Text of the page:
The Common Good

Loose Threads

I noticed a loose thread in a blanket the other day and was reminded of something my mom always said: Never pull on a loose thread. All that will do is make it worse. It’ll yank on the other threads and wind up creating a knot. Even if you do manage to remove the one loose thread without doing too much damage to the fabric, it’ll leave a space that starts the nearby threads working their way loose, too.

Single thread, itsmejust /
Single thread, itsmejust /

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Soon, the whole thing unravels. Removing even one thread from the fabric creates big problems.

Isn’t it the same with us?

Each of us is a thread woven into the fabric of our world. We’re looped around each other, pulled tightly to one another, intimately bound to one another. We’re so closely intertwined that we can’t be separated without making it all unravel.

By ourselves, we are a thread. Together, we are a blanket.

The weaver made it so.

Everyone and everything is bound together. Everything that we do affects others in some way. Every exhaled breath changes our environment. Every interaction with another person touches them on some level. Every act of love and compassion affects them. Every moment of selfishness and indifference does, too.

It’s a miraculous thing, the way we come together and form something much, much bigger than anything we can be individually. We get to be more than just one solitary thread. It’s a great gift, really.

And it’s not really a popular concept these days.

We hear a lot about individual threads, but very little about each thread’s place in the social fabric. We hear about individual rights, individual liberty, individual freedom, but very little about collective responsibilities and the common good. Stephen Colbert has coined a term that I love: “Meedom.” I’m the only thread that matters.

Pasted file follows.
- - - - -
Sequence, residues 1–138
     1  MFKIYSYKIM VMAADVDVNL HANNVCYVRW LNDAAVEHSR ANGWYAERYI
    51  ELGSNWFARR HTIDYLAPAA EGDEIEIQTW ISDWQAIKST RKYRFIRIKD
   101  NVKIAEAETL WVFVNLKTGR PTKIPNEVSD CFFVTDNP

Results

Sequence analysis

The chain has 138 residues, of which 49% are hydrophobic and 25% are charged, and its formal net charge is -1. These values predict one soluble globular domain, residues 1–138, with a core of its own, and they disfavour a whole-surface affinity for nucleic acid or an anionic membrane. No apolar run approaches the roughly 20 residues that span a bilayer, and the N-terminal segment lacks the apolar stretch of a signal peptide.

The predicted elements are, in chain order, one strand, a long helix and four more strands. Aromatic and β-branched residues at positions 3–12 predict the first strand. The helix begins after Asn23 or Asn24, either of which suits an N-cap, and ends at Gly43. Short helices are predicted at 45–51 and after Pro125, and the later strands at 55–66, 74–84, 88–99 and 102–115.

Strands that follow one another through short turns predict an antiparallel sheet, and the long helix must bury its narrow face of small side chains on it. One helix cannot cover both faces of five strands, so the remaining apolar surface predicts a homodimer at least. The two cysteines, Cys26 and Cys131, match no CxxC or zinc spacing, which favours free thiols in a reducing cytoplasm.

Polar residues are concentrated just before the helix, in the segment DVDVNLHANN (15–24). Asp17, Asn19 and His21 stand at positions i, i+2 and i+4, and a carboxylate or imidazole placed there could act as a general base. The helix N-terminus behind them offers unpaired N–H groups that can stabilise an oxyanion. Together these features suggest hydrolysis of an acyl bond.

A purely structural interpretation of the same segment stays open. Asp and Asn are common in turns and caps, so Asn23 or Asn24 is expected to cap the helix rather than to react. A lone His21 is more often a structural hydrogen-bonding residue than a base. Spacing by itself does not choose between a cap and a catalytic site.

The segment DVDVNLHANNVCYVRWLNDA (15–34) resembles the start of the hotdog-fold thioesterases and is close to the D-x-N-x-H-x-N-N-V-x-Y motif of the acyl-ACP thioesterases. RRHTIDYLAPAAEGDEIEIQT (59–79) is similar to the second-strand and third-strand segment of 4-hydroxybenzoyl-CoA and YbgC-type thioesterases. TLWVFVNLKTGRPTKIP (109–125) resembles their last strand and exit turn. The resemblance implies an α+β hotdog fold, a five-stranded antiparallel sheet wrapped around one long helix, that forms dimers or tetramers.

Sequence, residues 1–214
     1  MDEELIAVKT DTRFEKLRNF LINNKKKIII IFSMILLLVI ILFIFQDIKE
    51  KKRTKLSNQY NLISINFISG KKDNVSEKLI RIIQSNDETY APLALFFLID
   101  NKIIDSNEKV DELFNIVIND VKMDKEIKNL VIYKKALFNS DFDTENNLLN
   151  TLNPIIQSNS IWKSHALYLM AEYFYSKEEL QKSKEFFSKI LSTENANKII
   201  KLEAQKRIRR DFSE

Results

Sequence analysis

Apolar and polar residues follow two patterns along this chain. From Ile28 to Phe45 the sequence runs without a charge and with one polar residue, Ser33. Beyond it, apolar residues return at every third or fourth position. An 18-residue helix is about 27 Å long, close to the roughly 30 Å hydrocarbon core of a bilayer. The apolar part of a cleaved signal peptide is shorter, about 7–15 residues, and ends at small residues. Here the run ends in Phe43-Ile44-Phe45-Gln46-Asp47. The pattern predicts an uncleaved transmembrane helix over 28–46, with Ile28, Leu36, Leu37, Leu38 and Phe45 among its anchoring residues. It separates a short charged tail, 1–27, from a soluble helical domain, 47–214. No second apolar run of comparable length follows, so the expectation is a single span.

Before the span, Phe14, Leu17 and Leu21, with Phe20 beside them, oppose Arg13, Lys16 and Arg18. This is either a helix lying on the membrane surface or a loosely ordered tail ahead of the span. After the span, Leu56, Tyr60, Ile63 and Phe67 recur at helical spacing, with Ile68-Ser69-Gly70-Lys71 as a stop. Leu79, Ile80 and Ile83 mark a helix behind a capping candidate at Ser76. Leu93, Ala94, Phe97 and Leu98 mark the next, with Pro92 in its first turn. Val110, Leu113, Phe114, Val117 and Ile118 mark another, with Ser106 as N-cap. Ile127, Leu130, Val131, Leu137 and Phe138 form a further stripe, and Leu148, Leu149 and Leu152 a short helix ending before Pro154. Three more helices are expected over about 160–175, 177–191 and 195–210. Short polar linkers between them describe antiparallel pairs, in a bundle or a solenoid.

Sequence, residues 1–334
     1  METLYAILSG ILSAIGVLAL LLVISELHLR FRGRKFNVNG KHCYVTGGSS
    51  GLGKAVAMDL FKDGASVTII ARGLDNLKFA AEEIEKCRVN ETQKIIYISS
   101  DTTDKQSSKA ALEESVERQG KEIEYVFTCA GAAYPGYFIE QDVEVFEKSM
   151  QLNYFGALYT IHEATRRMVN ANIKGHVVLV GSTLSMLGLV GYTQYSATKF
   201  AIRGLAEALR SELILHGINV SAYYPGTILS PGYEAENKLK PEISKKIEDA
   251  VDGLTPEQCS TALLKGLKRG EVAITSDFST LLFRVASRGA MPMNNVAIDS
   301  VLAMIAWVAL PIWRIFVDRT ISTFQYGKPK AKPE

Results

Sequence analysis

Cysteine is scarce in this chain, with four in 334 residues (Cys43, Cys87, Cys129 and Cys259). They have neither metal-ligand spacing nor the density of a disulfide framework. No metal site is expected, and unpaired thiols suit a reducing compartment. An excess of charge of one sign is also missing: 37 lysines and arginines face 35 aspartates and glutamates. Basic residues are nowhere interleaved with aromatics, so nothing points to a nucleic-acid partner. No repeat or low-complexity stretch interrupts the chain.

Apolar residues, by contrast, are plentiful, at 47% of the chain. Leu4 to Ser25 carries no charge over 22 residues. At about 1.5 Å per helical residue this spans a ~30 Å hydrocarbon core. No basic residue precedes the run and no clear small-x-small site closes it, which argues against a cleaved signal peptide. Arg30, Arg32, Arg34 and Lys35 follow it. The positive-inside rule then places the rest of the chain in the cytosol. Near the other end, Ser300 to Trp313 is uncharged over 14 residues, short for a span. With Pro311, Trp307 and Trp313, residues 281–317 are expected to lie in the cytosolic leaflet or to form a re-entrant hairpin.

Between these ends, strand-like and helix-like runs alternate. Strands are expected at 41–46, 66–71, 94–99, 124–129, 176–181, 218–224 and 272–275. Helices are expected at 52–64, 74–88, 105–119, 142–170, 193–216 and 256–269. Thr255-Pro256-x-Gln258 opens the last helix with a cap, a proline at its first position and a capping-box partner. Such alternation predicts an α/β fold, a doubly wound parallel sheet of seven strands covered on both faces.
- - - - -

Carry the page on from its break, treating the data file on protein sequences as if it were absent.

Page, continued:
We delude ourselves into thinking we’re the entire blanket when we’re only one thread.

When threads work their way loose and pull apart, the whole fabric starts to unravel. We see that in our world, don’t we? We’re frayed and coming apart in so many ways.

The well-off pull away from the needy. Nations distance themselves from other nations and pursue what they perceive as their self-interest. Religions separate themselves from others in a show of superiority. People pull apart out of hatred and mistrust and prejudice and selfishness.

Our blanket has unraveled in many places, so much so that much of our warmth has escaped.

In his book It’s Really All About God — Reflections of a Muslim Atheist Jewish Christian, Samir Selmanovic puts it this way: “We want supremacy, but that is not what we really need. What we really need is to learn to be a part of the whole.“

In order to become whole, we need to take our place as one thread within the whole blanket. We need to help the weaver repair our snags and knit our world back together again.

There‘s a lot to be done, but it can be done — so long as we the threads make ourselves available to a Weaver who is passionate about repairing our tears and knitting us all back together.

Joe Kay is a professional writer living in the Midwest.

Image: Single thread, itsmejust /

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